Please visit our new home and follow us on social media: Facebook & Twitter
Come join us at Watchdog Arena!
Sign Up for Watchdog Updates!
We’ve all seen them: stories that seem to drag on and on. What starts out as a fascinating article quickly turns into a novel. Luckily, there are ways for writers to take a large amount of information, and still tell an effective story without losing the reader’s interest. The simple and easy answer is turning your news story into a news series!
What is a news series? A news series can be any number of shorter stories or articles on the same topic. Most series are predetermined in length, such as two-parts or five-parts. A second type of news series is what is considered as “ongoing.” In this case, an original story is written, but may lead to follow-up articles.
Why write a news series? First and foremost, because you want your great work to be read and enjoyed by others. This can prove a difficult task in the Age of Technology as humans are now proved to have a weaker average attention span than a goldfish. That’s right– the human’s average attention span is 8 seconds. When readers are browsing the Internet, they’ll read 50% of what is written when there are 111 words or less. That number is cut in half when there are 593 words or more. Breaking down your 1,000+ word articles into a series of 500-600-word stories avoids “information overload” and increases the chances of your story getting read.
Step 1: Narrow your Story Topic
Often times, we tend to pick story topics that are wide-ranging. If you find yourself having trouble narrowing down your topic, this is probably a sign for the making of a good news series!
For example, let’s take the topic of immigration. There are limitless aspects of this issue that you could cover, and thus different angles for each part of your series. Start by asking yourself the important questions:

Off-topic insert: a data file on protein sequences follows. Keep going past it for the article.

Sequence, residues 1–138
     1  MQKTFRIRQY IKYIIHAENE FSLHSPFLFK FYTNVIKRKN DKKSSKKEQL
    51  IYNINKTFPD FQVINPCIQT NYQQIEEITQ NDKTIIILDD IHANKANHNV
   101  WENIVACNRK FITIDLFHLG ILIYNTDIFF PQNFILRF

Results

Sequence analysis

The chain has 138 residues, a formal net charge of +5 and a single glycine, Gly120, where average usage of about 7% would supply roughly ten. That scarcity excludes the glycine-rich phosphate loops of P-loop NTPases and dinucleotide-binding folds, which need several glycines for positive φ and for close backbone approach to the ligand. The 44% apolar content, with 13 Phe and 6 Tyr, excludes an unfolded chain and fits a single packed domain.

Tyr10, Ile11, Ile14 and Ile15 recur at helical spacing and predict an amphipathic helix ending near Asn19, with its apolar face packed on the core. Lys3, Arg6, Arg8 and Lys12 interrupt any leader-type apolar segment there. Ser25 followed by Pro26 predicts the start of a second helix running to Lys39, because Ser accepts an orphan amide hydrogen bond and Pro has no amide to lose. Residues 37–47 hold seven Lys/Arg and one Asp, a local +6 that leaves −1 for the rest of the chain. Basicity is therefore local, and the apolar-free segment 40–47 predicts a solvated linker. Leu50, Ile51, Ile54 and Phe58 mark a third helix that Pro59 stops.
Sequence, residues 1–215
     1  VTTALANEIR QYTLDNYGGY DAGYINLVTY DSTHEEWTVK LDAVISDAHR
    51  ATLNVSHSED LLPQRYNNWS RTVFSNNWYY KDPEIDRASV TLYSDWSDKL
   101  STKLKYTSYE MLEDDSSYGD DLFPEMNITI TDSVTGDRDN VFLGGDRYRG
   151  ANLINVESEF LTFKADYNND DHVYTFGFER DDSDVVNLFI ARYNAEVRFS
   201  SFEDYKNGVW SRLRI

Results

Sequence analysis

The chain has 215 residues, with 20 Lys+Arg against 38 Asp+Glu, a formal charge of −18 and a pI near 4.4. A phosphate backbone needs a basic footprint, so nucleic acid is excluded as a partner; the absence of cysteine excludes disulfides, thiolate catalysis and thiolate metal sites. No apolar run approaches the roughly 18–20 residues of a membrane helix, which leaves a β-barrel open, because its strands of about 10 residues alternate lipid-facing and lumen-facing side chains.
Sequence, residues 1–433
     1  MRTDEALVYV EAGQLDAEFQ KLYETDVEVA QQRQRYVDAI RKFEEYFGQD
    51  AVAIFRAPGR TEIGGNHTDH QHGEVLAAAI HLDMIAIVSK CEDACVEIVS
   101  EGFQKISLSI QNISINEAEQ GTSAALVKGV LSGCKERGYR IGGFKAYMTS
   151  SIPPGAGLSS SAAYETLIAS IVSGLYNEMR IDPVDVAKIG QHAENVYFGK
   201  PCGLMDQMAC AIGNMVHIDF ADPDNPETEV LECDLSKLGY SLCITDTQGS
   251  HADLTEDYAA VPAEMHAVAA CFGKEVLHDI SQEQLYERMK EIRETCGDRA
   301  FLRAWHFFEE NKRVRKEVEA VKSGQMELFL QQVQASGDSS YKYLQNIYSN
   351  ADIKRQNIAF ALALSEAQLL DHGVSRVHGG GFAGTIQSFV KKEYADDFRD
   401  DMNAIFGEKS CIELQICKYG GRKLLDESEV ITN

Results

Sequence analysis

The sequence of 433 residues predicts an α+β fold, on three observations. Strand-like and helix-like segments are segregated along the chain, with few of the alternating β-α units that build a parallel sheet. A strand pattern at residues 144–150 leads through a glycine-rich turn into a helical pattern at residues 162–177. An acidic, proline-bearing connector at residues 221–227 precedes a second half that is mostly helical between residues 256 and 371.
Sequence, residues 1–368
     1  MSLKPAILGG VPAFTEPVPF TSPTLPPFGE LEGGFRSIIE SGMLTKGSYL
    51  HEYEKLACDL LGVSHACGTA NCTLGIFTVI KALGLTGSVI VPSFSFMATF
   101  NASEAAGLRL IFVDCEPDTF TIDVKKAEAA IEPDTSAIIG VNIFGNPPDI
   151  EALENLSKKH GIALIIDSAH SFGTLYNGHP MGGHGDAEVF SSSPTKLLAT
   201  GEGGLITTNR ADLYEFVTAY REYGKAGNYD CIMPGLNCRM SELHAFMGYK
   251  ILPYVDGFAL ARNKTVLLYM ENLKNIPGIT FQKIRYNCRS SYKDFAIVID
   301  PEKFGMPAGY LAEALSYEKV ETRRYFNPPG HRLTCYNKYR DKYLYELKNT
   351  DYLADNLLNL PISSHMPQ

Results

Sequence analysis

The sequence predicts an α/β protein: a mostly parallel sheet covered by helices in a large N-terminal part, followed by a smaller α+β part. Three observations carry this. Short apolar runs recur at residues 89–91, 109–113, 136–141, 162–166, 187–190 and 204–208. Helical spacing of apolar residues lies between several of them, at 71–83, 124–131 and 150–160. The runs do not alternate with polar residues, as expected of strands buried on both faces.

- How many immigrants are in my community?
- Where are these immigrants coming from?
- Is immigration increasing or decreasing in my community?
- Where are immigrants being employed?
- What economic impact are they having?
- Are the demographics of my local schools changing?
Each of these topic questions could be turned into its own news story.
Step 2: Research, Research, Research
The Internet is a journalist’s best friend. A quick visit to a search engine will start you on your path. It is very common for writers to have too much information to use in a single story. If you are leaving out important information, or including too much, the story may have lesser impact. The beauty of a news series is you can include a great deal of research in a series of different stories.
It is not a bad thing to have stacks of research. It may take time to read through it, but you could discover a great statistic or quote to use. For the sake of our immigration example, a majority of those answers can be found by visiting the United States Census Bureau, or a state demographics website. If you are looking into an area that has a college or university, it is possible that a professor did their own fact-findings, and used it in an academic paper. Don’t be afraid to contact places like these and ask them for guidance, or even for a quote.
Step 3: Writing the Series
OK, you have found your topic, identified your series of story angles and done your research; now what? We have hit the stage where we turn all that hard work into the actual written series.
This is where you would begin planning out the parts of your series. Try to keep similar topics together. For example, you would group the number of immigrants in a community with where they came from and the demographic information that shows the population numbers. For part two, you could put together a story on migrant employment and the economic impact they are having on a region. To round out the series, you could group school demographics with other changes in schools, such as the number of new staff hired, or the addition of language programs.
If you have any questions or ideas about creating your own news series or need help breaking down a current story into a news series, contact email@example.com.
- 6 facts every watchdog should know about libel and slander
- 9 Ways to Shed Light on Election Season with Citizen Journalism
- Citizen Spotlight: Chris Delamo, Grand Prize Winner of Watchdog Video Contest
- You Can Do “Man on the Street” Interviews Like the Pros
- It’s August Recess: Ask Your Question and Demand Answers!